|Heavyweight (Per 4/15)|
|Light HW (per 4/15)|
|Middleweight (per 4/15)|
|Welterweight (per 4/15)|
|4.||Marc de Bonte|
|70kg (Per 4/15)|
|3.||Robin van Roosmalen|
|65kg (per 1/20)|
Tomorrow in Istanbul, Turkey, GLORY will present GLORY 15 Istanbul. GLORY 15 is slated to feature the GLORY Light H...Read more
Earlier this week Strikeforce finally announced some details in regards to their April 9th event. No, we won't get the Heavyweight GP but we do get a couple great title fights including Lightweight champ Gilbert Melendez (18-2) defending his belt against Tatsuya Kawajiri (27-6-2).
In anticpation of what's sure to be a great fight, here's a finely produced Japanese VTR I stumbled across. Enjoy!
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This Saturday marks the start of the 2011 It’s Showtime season, and in many ways, the start of the major international 2011 season. There have been a few notable fights already this year (Giorgio Petrosyan vs. Sudsakorn and Andy Souwer’s upset loss both come to mind), but this will be the first major top-to-bottom event. So, why should you care about this show? Well…
1. It’s Showtime might very well be the future of kickboxing. This coming year is going to be a big one in determining the future of our sport. With K-1 in serious trouble and the European hotbed of Amsterdam causing headaches for promoters, we could see a drastic reduction in the international scope of professional kickboxing. It’s Showtime is doing everything they can to fight against that tide. By running more and more shows in an increasingly diverse market, they are continuing the steady expansion plan that has brought them success so far. Of course, with expansion there is always a fear that you will overextend yourself, creating a company too large for the resources in hand. So far, It’s Showtime has been very strategic in their expansion, and I think that will continue this year – but there’s no doubt 2011 represents a key moment in the history of kickboxing.
2. The main event is a beautifully matched top 10 showdown. It’s rare in any combat sport that we get two fighters so closely matched, but Daniel Ghita vs. Hesdy Gerges is a perfect match-up. Both men are young fighters who look to be the future of the sport. Both are in the top 10, with Ghita just one spot ahead of Gerges. Both had break-out years in 2009 and 2010, but neither man has yet scored that one major win that propels them to the next level. Most are favoring Ghita here (including a massive 70% of LK readers), which is understandable, but this is a very close fight that Gerges has every opportunity to win. One tough hurdle for the It’s Showtime champ could be his recent arrest for suspected drug trafficking. That case seems to be dropped, but the interruption to his training and the mental stress of being incarcerated can’t be good for a fighter heading into such a serious challenge.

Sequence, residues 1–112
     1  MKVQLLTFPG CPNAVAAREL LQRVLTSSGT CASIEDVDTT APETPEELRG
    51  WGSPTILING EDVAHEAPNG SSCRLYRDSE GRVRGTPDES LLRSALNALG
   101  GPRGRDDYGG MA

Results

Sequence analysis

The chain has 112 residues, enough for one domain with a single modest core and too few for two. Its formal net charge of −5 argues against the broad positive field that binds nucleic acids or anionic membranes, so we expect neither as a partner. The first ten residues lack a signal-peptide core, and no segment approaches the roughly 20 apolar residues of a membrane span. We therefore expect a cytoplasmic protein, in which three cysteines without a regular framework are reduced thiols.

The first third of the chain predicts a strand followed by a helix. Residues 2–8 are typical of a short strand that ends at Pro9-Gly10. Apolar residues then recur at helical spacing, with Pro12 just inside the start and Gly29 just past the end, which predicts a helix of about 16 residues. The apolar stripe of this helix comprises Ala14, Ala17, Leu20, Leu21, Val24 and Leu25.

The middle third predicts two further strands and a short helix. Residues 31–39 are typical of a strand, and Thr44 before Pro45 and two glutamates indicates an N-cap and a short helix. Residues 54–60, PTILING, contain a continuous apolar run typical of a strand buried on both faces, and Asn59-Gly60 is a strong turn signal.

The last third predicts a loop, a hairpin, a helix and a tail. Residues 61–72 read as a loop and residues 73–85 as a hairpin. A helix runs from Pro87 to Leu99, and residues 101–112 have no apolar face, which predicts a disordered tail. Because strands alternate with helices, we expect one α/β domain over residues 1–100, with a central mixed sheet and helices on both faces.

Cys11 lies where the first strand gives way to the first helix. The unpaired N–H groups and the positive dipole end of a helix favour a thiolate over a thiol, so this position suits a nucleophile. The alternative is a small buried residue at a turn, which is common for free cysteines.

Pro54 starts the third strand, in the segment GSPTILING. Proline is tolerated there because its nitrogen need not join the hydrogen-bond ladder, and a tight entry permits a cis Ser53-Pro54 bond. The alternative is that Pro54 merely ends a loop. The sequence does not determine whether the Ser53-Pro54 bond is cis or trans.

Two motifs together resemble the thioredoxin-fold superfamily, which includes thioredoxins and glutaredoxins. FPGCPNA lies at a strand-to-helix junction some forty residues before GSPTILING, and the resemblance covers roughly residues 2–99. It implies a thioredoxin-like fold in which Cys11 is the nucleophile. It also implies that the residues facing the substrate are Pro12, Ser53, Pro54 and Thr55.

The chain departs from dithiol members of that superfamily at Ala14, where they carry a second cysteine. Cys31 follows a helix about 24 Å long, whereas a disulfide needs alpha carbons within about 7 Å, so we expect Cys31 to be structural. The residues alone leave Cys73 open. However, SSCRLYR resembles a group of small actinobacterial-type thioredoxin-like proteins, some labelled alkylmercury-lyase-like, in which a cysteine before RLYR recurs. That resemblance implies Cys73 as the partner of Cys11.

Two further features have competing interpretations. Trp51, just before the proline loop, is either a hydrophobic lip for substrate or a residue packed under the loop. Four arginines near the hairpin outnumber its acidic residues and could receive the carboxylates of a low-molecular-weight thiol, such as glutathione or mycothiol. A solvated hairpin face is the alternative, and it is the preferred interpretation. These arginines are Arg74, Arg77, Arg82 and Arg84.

3. Both men in the semi-main event need to win. Andy Souwer vs. L’houcine Ouzgni could easily headline a show. Two technical marvels, this is a fight that will be pure candy for fans of the precise art of stand-up. That’s reason enough to be excited for this one, but there’s an extra element to this fight given where each man stands in his career. Souwer’s last year was not exactly a career highlight for the decorated veteran. After suffering an eye injury and finding himself inexplicably on the outs with K-1 MAX, Souwer has since lost 2 of his last 3 fights – both against unranked opponents. He really needs to win here, but he has a tough task ahead of him. Ouzgni meanwhile had a tremendous 2010... almost. He made huge waves in his It’s Showtime debut, and looked poised to win the company’s 77kg title and start a dominant run as champion. Instead, in the year’s last show, Ouzgni was stopped by Artem Levin. In that fight, Ouzgni seemed to give up both size and strength to his opponent. Now, he’s dropping down to 70kg. He’ll have a massive size advantage here, but will it come at the expense of a too severe weight cut? Hopefully not, as Ouzgni could end up a man lost between two divisions.
4. Gago Drago vs. Artur Kyshenko. Not too much to say here, except that this match will be fun. Drago always brings the excitement, and I expect Kyshenko will match him. This one has kind of been lost in the shuffle, but it’s another excellent, very evenly matched fight that could steal the show. Along those same lines, look for exciting fights from William Diender vs, Rachid Belaini and Chahid Oulad El Hadj vs. Robin van Roosmalen.